Comment: Sorry, it's still 2/3 anyway.

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In reply to comment: Robert's Rules of Order is (see in situ)

Sorry, it's still 2/3 anyway.

Here's the particulars

Rules of Order
The Rules of the House of Representatives of
the United States shall be the rules of the convention,
except that the current authorized edition of Robert’s
Rules of Order: Newly Revised (“Robert’s Rules of
Order”), shall be the rules for committees and
subcommittees of the convention, insofar as they are
applicable and not inconsistent with the rules herein set
forth; provided, however, that the convention may
adopt its own rules concerning the reading of
committee reports and resolutions.

Now however, it is important to note that this ONLY applied to 2008.

See the Preamble:

following be and hereby are adopted as The Rules of
the Republican Party, composed of the rules for the
election and government of the Republican National
Committee until the next national convention, the
rules under which delegates and alternate delegates
shall be allotted to the respective states in the next
national convention, and the rules under which such
delegates and alternate delegates shall be elected and
under which contests shall be considered, and the rules
of business of this national convention. {emphasis mine}

So, these rules were only in effect with respect to conventions for the 2008 Convention. (they were adopted on the 1st day - September 1st, 2008)

Presumably, different rules can be adopted for the 2012 convention.

Here is the rule on "Suspending the Rules:"

Suspension of Rules
A motion to suspend the rules shall always be
in order, but only when made by authority of a majority
of the delegates from any state and seconded by a
majority of the delegates from each of five (5) or more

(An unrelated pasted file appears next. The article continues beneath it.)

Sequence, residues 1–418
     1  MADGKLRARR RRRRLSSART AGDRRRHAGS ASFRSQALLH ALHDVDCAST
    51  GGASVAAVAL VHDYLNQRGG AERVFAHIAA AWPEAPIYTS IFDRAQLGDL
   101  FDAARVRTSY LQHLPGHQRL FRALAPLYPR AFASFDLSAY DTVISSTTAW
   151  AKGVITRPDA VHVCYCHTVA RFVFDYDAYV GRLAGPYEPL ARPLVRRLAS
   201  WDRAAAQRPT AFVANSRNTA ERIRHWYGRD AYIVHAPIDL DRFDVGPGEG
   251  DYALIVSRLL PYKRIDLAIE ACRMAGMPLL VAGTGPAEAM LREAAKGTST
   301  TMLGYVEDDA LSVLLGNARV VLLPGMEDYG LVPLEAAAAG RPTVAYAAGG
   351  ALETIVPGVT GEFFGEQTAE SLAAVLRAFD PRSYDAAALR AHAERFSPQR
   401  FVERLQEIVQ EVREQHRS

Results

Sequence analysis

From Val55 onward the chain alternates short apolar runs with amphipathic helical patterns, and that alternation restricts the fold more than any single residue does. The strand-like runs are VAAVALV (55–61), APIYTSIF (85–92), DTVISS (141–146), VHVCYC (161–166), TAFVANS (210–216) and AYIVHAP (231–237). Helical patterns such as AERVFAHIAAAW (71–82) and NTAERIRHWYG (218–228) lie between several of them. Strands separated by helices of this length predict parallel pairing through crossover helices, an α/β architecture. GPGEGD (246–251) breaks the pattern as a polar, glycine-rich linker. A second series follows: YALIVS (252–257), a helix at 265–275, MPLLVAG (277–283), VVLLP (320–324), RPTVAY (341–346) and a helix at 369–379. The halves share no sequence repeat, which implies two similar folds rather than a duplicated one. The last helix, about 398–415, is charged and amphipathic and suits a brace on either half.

other states severally.

VERY interesting. Certainly, this number could fluctuate depending on which state delegations are making the motion and offering their second.

So this rule overrides the House of Representatives Rule at least with respect to how a motion to Suspend the Rules can be entertained.

But again, this must be adopted on the first day of the Convention and could be changed.

Note though, this is only a rule for legitimacy of a motion to Suspend.

The actual vote required to suspend is not listed in the Republican Rules, and thus we must look to the House of Representatives Rules for that answer:

1. (a) A rule may not be suspended ex-
cept by a vote of two-thirds of the
Members voting, a quorum being
present. The Speaker may not enter-
tain a motion that the House suspend
the rules except on Mondays, Tuesdays,
and Wednesdays and during the last six
days of a session of Congress.
(b) Pending a motion that the House
suspend the rules, the Speaker may en-
tertain one motion that the House ad-
journ but may not entertain any other
motion until the vote is taken on the
(c) A motion that the House suspend
the rules is debatable for 40 minutes,
one-half in favor of the motion and
one-half in opposition thereto. {again, emphasis mine}

Thus, a 2/3 vote IS required to actually suspend the rules, AND it's a lot harder to even get the motion considered compared to Robert's or even the House Rules.